Fear of predation can affect important ecosystem processes by altering the prey traits expression that, in turn, regulates the quantity and quality of nutritional inputs to soil. Here, we aimed to assist in bridging a knowledge gap in this cascading chain of events by exploring how risk of spider predation may affect grasshopper prey performances, and the activity of various microbial extracellular enzymes in the soil. Using a mesocosms field-experiment, we found that grasshoppers threatened by spider predation ate less, grew slower, and had a higher body carbon to nitrogen ratio. Herbivory increased activity of all microbial extracellular enzymes examined, likely due to higher availability of root exudates. Predation risk had no effect on C-acquiring enzymes but decreased activity of P-acquiring enzymes. We found contrasting results regarding the effect of predation on the activity of N-acetyl-glucosaminidase and leucine arylamidase N-acquiring enzymes, suggesting that predation risk may alter the composition of N-inputs to soil. Our work highlighted the importance of soil microbial enzymatic activity as a way to predict how changes in the aboveground food-web dynamics may alter key ecosystem processes like nutritional-cycling.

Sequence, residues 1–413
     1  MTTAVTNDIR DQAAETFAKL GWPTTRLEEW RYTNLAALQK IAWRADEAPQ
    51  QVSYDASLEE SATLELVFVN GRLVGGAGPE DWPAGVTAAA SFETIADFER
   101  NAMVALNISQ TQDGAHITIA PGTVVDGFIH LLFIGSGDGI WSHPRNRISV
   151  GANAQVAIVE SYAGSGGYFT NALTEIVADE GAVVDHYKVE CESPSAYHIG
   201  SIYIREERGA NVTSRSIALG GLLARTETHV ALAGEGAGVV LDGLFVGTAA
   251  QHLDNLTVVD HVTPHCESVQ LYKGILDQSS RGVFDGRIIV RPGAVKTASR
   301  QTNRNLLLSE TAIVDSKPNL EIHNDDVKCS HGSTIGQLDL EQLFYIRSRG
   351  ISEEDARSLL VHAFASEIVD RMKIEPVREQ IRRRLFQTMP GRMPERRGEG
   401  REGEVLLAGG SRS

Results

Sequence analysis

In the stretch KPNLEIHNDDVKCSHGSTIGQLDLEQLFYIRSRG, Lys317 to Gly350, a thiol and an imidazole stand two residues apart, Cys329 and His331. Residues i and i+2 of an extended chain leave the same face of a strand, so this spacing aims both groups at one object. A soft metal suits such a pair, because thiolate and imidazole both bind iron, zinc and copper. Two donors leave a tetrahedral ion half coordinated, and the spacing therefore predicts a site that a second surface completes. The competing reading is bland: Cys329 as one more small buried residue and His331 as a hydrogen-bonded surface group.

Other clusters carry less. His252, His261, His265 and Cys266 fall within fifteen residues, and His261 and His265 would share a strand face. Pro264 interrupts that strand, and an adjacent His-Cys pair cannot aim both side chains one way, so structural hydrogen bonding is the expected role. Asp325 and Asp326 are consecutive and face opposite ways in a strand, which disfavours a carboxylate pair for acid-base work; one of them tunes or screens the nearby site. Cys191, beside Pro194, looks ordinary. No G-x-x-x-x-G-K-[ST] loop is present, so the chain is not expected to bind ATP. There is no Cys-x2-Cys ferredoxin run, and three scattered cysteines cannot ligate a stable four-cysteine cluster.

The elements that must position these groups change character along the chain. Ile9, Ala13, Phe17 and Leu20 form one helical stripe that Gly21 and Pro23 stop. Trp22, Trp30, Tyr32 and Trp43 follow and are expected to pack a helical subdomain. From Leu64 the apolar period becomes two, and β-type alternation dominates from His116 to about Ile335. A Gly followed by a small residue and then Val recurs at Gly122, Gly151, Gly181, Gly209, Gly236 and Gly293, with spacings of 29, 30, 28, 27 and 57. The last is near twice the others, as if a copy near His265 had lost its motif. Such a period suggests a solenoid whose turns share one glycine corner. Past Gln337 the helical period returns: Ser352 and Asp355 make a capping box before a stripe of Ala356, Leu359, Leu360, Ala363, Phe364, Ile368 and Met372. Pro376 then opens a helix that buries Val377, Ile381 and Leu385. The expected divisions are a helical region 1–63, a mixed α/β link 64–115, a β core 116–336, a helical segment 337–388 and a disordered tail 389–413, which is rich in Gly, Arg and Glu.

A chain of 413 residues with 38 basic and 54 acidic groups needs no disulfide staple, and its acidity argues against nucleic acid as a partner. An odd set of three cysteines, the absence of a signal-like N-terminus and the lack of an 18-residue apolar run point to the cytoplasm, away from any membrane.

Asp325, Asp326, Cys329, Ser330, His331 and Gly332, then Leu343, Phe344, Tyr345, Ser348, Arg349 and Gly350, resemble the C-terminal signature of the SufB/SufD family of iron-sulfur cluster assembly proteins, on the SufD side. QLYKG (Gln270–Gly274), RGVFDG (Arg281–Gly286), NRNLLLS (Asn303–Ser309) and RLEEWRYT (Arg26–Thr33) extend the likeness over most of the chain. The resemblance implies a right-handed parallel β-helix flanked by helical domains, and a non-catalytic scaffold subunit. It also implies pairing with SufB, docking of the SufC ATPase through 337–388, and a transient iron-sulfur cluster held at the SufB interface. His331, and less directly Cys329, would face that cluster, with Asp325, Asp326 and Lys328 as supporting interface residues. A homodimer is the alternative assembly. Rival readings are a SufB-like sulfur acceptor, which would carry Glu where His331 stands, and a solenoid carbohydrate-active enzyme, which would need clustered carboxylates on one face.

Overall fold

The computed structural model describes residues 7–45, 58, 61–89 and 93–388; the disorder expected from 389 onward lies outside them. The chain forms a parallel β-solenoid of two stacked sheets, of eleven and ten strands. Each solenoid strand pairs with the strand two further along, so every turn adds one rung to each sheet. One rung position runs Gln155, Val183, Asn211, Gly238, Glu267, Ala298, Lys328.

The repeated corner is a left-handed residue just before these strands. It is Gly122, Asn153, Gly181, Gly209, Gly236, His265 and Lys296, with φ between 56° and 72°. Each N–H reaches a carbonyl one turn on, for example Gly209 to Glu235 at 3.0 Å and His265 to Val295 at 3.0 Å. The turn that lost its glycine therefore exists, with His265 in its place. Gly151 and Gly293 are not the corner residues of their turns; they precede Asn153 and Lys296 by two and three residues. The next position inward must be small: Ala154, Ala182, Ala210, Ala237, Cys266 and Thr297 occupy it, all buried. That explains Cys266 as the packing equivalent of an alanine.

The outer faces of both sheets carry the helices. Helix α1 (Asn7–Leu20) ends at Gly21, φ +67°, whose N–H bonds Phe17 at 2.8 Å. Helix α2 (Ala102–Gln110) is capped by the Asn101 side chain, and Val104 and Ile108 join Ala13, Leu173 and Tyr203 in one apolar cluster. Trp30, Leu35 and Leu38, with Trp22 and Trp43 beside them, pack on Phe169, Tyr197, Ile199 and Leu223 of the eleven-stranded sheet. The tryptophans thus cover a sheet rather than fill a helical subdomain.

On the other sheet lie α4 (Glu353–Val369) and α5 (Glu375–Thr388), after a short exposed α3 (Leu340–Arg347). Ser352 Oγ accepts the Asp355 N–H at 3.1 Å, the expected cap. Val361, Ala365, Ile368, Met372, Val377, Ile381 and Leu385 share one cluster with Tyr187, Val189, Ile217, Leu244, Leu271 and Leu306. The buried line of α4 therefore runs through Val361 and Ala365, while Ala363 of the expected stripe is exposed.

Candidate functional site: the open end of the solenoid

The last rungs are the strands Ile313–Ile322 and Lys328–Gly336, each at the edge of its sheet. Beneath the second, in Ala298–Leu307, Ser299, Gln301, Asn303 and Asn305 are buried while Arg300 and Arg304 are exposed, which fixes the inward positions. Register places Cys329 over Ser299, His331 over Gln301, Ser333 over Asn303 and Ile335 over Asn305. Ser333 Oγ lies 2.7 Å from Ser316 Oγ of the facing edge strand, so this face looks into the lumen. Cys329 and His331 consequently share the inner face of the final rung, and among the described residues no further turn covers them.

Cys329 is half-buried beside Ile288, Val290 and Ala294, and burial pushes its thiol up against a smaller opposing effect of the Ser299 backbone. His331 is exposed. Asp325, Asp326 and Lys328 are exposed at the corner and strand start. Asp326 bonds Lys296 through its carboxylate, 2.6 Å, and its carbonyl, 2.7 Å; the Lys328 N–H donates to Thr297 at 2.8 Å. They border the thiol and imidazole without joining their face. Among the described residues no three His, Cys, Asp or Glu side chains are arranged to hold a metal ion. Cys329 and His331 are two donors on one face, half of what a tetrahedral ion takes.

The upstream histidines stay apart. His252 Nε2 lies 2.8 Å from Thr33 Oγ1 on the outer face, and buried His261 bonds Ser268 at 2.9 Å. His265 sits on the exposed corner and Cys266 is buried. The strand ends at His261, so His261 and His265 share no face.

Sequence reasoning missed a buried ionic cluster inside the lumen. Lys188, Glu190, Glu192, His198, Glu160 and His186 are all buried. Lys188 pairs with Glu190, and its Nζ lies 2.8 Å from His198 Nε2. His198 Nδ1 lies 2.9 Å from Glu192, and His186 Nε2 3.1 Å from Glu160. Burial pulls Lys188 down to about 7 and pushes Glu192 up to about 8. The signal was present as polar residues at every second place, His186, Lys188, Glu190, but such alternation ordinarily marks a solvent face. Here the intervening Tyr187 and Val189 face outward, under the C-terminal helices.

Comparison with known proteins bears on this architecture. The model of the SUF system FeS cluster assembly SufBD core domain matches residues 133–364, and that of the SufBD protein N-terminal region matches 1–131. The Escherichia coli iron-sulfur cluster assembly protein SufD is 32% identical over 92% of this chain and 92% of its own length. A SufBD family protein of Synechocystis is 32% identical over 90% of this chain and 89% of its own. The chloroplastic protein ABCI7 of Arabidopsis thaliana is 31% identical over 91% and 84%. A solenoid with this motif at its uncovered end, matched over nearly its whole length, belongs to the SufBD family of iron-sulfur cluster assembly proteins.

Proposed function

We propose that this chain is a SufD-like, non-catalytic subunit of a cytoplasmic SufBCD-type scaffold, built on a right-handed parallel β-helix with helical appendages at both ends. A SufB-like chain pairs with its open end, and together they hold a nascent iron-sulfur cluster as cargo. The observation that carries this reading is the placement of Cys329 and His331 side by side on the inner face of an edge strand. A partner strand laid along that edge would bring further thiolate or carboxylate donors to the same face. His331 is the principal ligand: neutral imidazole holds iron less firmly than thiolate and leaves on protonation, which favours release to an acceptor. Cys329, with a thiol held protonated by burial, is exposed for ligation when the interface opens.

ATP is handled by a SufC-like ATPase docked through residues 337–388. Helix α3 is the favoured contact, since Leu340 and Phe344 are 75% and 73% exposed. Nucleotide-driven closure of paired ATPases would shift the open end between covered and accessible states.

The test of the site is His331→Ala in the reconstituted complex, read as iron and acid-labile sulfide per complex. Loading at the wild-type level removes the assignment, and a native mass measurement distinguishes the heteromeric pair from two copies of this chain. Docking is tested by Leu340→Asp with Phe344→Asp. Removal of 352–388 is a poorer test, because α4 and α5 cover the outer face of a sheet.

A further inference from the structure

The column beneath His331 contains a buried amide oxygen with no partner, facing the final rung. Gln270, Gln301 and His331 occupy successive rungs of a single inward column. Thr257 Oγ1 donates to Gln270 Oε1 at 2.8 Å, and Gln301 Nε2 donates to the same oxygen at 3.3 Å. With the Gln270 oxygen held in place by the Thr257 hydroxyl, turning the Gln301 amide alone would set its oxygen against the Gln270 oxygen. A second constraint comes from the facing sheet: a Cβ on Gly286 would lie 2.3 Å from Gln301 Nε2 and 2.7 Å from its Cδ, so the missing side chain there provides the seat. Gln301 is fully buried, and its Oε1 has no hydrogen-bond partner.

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© 2023 The Authors. Ecology and Evolution published by John Wiley & Sons Ltd.
- body stoichiometry
- enzymatic stoichiometry
- enzyme activity